Like a lot of other young artists, Demetris Washington has struggled with that life. Sometimes he prays for a big break.
Recently, Washington’s pastor delivered to him a simple message: “Sometimes you can give your way out of a situation.”
It was that counsel that led Washington to the front of Crocker Art Museum last week. As the sun drowned the plaza in light, Washington walked to a pathway along the old museum building and placed a painting on the ground.
Then he walked away.
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The painting was called “The Firefly,” and Washington has sold similar works for $600. But he wasn’t getting a dime for this one.
Instead, he took to social media and, for the fourth time in recent weeks, posted a clue to the location of where he was leaving the painting. The reaction was nearly immediate, like it had been the other times.
Within minutes, Zayn Silmi, who blogs at thepeopleofsacramento.com, walked briskly up to the painting. He grabbed it and, spotting Washington across the street, held his new artwork above his head.
“His art is so valuable, and the fact he’s sharing it shows his love for the community,” Silmi said, posing for a photo with Washington in front of the museum.
It really is a generous notion: sharing something not just valuable but that was created from one’s passion. Washington also left a painting in Cesar Chavez Plaza and another at the Warehouse Artist Lofts on R Street. A painting he left in the rose garden in Capitol Park was picked up by a young woman on her way to a job interview (she got the job).
“I’m just practicing the art of letting go,” Washington said. “And giving.”
This kid is all over Sacramento. He has painted murals on J Street and Del Paso Boulevard. Earlier this year, I wrote about a mural Washington was finishing on the side of a 7-Eleven on Mack Road in south Sacramento. It’s not the most glamorous canvas in town, but Washington lives down there and wanted to give some light to the area.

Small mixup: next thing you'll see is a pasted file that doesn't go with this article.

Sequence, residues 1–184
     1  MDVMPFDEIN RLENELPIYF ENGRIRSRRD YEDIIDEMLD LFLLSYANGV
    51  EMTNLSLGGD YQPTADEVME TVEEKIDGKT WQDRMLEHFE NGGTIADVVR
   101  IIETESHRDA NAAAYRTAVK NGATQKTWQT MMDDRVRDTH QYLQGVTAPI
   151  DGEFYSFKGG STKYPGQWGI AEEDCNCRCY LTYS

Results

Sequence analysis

Now, Washington is hoping to get a little help from his city.
One of his drawings was chosen for a specialty label on Blue Moon beer. He was one of only 20 artists in the country to be chosen. Fans are being asked to vote on Blue Moon’s Facebook page for their favorite design. The winner will get $20,000.
That’s a great payday for a young artist. Washington, 24, is going back to school for a degree in graphic design. Despite his deep portfolio of public art and a huge following here, the artist’s life has challenged him.
But if Washington is thinking about quitting, it doesn’t show. He goes by the nickname BAMR, which stands for “Becoming A Man Righteously.” He’s always working.
“The Firefly” is the embodiment of his eternal optimism. It shows a young woman, smiling, surrounded by light and fire. And on the back of the painting, Washington left a note for its new keeper.
“May this work of art grant its new owner with an abundance of light,” it reads. “In both good, and dark times.”